Thursday June 1st and Friday June 2nd of 2017 I had the opportunity to volunteer for the Ontario Association of Child and Youth Care Conference held at Humber College. With this opportunity, i was granted access to 240 working professionals who are passionate about making a difference, and enhancing their skill set. I was able to make connections with people from across the province, people who I probably never would have met without the encouragement of a few of my profs to even make this step. I participated in workshops that challenged social norms, and the policies that challenge our field like The Marginalization of Racialized Youth in Care, Lets Take a Look at Trauma for 90 Minutes, and Methylenedioxymethamphetamine (MDMA) Should be a Therapeutic Drug Option for Post-Traumatic Stress Disorder. Now, as controversial as that last one sounds, especially if you keep in mind that these are workshops for Child and Youth Care Practitioners, believe me, it was an experience that you should keep reading for.
Lets start with The Marginalization of Racialized Youth in Care. This workshop was interesting as there were perspectives not only from the Afro-Canadian community, but also from CYC’s or CYW’s who are professors, and have worked in and around the field for years. The small portion of the group that did not represent a visible minority shared some fantastic insights and were very open to the opinions of those who are directly affected by societal marginalization. We focused mainly on how services that are intended for certain minorities, but are framed as handouts of good will. As though Afro-Canadian parents don’t know how to educate thier children on sex-ed, or how they need help managing thier children. It was interesting to see the different levels of communication and the hidden messages in just one phrase. How this one phrase tells parents that they only need to follow these 9 simple steps to becoming a good parent. Steps that are so vague and indiscriminate that the information is basically useless. Its not that the information isn’t there or accessible to parents, but rather how the information is presented and communicated. The main question throughout the workshop is how open the doors for working professionals as part of the Afro-Canadian community to take the lead in providing services and awareness. By the end of the workshop it was agreed that members of the community should have access to information and services provided to them by working professionals who are also part of the community. Somebody who knows how to best communicate certain messages culturally.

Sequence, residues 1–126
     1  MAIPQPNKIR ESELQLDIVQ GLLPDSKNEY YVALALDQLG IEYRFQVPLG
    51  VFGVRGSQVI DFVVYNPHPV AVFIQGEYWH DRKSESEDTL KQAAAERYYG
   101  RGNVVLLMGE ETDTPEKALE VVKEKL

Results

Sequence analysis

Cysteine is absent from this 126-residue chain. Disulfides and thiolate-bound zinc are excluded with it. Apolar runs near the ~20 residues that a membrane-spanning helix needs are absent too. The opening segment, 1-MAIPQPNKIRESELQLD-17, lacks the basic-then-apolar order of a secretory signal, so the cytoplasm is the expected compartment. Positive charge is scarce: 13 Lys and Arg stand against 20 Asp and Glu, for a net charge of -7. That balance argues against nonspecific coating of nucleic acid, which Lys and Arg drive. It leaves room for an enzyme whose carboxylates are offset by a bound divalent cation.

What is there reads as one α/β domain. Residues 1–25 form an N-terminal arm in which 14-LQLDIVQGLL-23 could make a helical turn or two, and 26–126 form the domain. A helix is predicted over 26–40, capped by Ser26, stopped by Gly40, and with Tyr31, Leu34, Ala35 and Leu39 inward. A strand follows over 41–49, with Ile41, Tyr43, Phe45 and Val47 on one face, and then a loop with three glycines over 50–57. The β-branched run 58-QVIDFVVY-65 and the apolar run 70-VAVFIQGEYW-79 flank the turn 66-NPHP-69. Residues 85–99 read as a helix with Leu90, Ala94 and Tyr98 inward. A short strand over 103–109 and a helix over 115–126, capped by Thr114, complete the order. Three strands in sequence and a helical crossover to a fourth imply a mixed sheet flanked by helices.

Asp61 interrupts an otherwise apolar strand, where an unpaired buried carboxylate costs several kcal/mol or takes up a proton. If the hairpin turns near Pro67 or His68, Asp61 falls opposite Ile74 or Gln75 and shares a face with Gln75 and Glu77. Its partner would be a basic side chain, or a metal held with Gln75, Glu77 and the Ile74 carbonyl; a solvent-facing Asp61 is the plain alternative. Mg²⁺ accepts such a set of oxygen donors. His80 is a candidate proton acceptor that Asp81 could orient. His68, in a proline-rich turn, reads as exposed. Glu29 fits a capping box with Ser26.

Lets Take a Look at Trauma for 90 Minutes was the one workshop that I had looked forward to the most. From before I even knew I wanted to be a CYC, I knew that I wanted to get into trauma care. This was also the most full workshop that I attended, so it was great to see so many other professionals working to be more trauma informed and open to more intrinsic practice methods. There were 2 things that I wanted to share with the general public, especially from someone who is just starting to learn about trauma care. First, let your body shake. If you have been, or are ever in any sort of intense situation where you experience an adrenaline rush and freeze, let your body shake. Your first instinct will be to get someone to hold you, or get a blanket to swaddle yourself with, but wait. Your body experiences a rush of adrenaline and cortisol when under extreme stress. Both of these body chemicals are responsible for your body’s fight or flight response. During a traumatic event, your frontal lobe (responsible for processing events and logical thought) is not functioning, and the body is incapable creating a proper response; hence you freeze. In order for the body to release all of the adrenaline and cortisol that it has built up, it shakes. If you stop your body from shaking, or releasing all of the pent up adrenaline, then the sensations that the body experienced during that trauma remain trapped in the adrenaline and cortisol. Because the frontal lobe was not functioning, there was no processing of the event. So every time that your body experiences a sense similar to that of the traumatic event, either smell, sight, taste, etc., the rest of your senses become flooded with the memory of that traumatic event. So in short, let your body shake; let your body and eventually your mind process.
Second, be aware of the symptoms of trauma. Many of the symptoms are shared between trauma, and ADHD, but the treatment for ADHD will not do much to help address the symptoms at its supposed to. Hyper-vigilance, dissociation, and self-destructive behaviours are the 3 top symptoms that don’t seem to be managed when wrongly diagnosed with ADHD and if you are or know someone who has been diagnosed with ADHD but are still struggling, then it may be something to look into.